Entertainment Stage Can Anthony Warlow tackle Fiddler on the Roof?
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Can Anthony Warlow tackle Fiddler on the Roof?

Jeff Busby
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In 2005 the famed Chaim Topol arrived down under to tour a production of Fiddler On The Roof around Australia and New Zealand for two years. Without meaning undue respect to the master of the role of Tevye, seeing one performance of that production could feel like you experienced the whole tour.

So it was great trepidation that greeted the news of a revival of Fiddler starring Anthony Warlow in the lead role. Warlow is without doubt one of, if not the greatest Australian musical stage performer. However, after his last musical journey to Russia in 2011’s Dr Zhivago received a decidedly tepid response, could Warlow breathe warmth into another?

Hell yes.

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To be fair, long before Warlow donned the traditional Jewish garb of Tevye, the milkman and father at the centre of this tale of this tale, director Roger Hodgman had overseen an update of the music, choreography and design of this classic piece of theatre that can genuinely lay claim to establishing musical theatre’s capacity to convey darker, deeper concepts than jazz hands and “I-love-him-I-hate-him-no-I-love-him” narratives.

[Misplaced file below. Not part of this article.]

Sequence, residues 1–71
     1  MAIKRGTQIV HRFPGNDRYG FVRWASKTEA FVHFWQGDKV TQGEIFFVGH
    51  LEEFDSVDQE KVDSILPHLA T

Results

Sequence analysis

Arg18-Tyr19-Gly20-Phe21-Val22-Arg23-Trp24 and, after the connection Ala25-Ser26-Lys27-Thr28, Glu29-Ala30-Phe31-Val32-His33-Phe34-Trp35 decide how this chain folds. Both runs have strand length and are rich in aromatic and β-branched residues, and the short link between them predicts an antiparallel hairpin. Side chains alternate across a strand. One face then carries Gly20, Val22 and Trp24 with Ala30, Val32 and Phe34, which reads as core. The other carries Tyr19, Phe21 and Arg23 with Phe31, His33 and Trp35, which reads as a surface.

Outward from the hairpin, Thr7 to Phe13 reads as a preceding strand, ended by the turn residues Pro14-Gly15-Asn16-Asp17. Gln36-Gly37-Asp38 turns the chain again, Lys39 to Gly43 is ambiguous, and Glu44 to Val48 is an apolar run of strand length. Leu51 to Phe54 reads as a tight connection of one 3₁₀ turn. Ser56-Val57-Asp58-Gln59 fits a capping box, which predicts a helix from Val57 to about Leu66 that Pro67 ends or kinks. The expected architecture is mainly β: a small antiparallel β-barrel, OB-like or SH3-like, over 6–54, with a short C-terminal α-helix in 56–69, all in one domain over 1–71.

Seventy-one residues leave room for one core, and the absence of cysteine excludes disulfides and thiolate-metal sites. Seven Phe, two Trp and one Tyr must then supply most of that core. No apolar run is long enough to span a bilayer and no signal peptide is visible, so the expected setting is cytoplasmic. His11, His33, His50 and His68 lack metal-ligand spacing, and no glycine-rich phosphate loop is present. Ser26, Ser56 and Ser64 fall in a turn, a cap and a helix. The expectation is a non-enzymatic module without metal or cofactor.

See the intricate maneuvers of a set brilliantly inspired by nested matryoshka dolls. See the simple stage direction that articulates so much without words – or at times lyrics.

Crucially, this production has the ensemble to support and challenge Warlow. From Logie winner Sigrid Thornton to ARIA winner Lior, this is not a traditional musical cast, but then this is not a traditional musical.

Nicki Wendt (left) and Sigrid Thornton. Photo: Jeff Busby
Nicki Wendt (left) and Sigrid Thornton. Photo: Jeff Busby

The plot revolves around Tevye’s mission to marry off his five daughters, primarily the three eldest, who in turn challenge his views on tradition in differing ways. All this takes place under the cloud of the forthcoming pogroms. As such there is no fanfare finish to the first act nor the second.

Fiddler on the Roof has purpose and power. The question is always can it carry this weight. When it comes to the current production, the answer is an emphatic yes.

This is not a mournful Fiddler, nor a reverential one. Rather, this production, like the culture it celebrates, finds joy in the smallest moments, beauty in the most ugly.

Most importantly, it’s fun. It is a wonderful night out. A sumptuous celebration of the cast and crew’s many, varied talents. And the ultimate occasion to gleefully sing: “Ya ba dibba dibba dibba dibba dibba dibba dum…”

… and know you got everything exactly right.

Just like this show.

Fiddler on the Roof is playing at Sydney’s Capitol Theatre until 8 May

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